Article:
May 03, 2011

1964 Ford Galaxie

1964 Ford Galaxie

I looked out my bedroom window last night and saw Will Smith stepping into a 1967 Ford Galaxie. He was leaving the old-timey diner across the street with Tommy Lee Jones because they were shooting scenes for the upcoming Men in Black sequel.

For three days our entire street has been lined with cars from the 60s and early 70s. There are Chevy Novas, old Mercs, and breathtaking Dodge Darts with their reverse fins jutting out the back. After walking through the set today on my way to work, I laid eyes on a 2010 Volkswagen Touareg and puked.

When exactly did cars become cough drops? The Galaxie was more than a cool-looking car. It defined Western opulence. It was a proud example of why we are and always will be the best. Today, this sense of pride in design has been replaced with aerodynamic minivans manufactured solely to transport middle-class children to well-organized soccer games where shin guards are mandatory.

“€œMen like soft edges in the bedroom, not on the road.”€

I”€™ve been screaming about this while drunk in bars for a long time and have finally reached a conclusion: It’s women’s fault. After being liberated out of the kitchen, women expanded their rules to include major family decisions such as whom to vote for, where to live, where to send the kids to school, what kind of car to drive, and where to drive it. Castrated men are happy to hand over the keys and even ask the wife what book to read while she’s driving. Women buy up to 80% of fiction books, and my colleagues tell me even the books men read have been procured for them by a lady friend. If you see a guy reading Adam Carolla’s In 50 Years We”€™ll All be Chicks, odds are a chick bought it for him.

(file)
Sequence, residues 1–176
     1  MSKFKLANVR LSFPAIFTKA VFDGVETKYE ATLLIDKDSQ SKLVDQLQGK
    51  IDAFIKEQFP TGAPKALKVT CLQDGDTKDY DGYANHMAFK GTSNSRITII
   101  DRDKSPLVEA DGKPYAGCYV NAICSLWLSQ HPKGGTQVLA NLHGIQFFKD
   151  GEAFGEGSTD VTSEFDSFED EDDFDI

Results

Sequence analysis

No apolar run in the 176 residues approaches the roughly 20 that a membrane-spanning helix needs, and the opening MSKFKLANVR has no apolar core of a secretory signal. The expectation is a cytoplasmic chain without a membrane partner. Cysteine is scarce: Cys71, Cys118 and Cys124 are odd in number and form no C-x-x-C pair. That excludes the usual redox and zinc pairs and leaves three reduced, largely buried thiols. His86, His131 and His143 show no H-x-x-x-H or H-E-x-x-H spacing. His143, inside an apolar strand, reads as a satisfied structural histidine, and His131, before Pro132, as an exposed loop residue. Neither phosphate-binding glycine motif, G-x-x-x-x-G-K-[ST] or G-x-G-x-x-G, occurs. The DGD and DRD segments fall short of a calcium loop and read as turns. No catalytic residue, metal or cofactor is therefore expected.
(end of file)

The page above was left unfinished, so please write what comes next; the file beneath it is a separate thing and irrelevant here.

Over a third of all cars bought in the United States are purchased by females. So when a salesman is looking for an angle he’s more likely to go with “€œThis car is nice to the trees”€ than “€œThis car is badass,”€ no matter what the numbers say. Soft, aerodynamic shapes that purport to be gentle on gas outsell hard edges.

Newer cars are always better for the environment than older ones because the technology is better. A Hummer probably consumes less gas than any of the cars on the film set outside my house. It’s all about what’s inside. You could take the guts out of a new Jaguar, stick them in an old Jaguar’s body, and the mileage would be about the same. The false idea that aerodynamics significantly cut down on fuel consumption has single-handedly ruined the way cars look forever. Women’s love for eco-bullshit has turned our roads into an endless parade of hideous eyesores.

Men hate these new cars and would happily pay a few extra dollars a year in gas in exchange for some hard edges. I recently met a marketing-company producer who told me she was assigned the task of handing out Touaregs to “€œtastemakers”€ around New York. She told me the Beastie Boys got one but handed back the keys a day later, explaining the car was in a ditch somewhere off the Brooklyn-Queens Expressway. She was stunned by their apathy but I wasn”€™t. Men like soft edges in the bedroom, not on the road. Unfortunately, women adhere to the philosophy of folk singers such as Ani DiFranco, who proudly exclaims, “€œWho says I like right angles? These are not my laws. These are not my rules.”€

I”€™m not big on research so I called my car dealer whom I”€™ve known for many years. His shop is called Heavenly Bodyworks, and he knows more about cars than anyone in the world.


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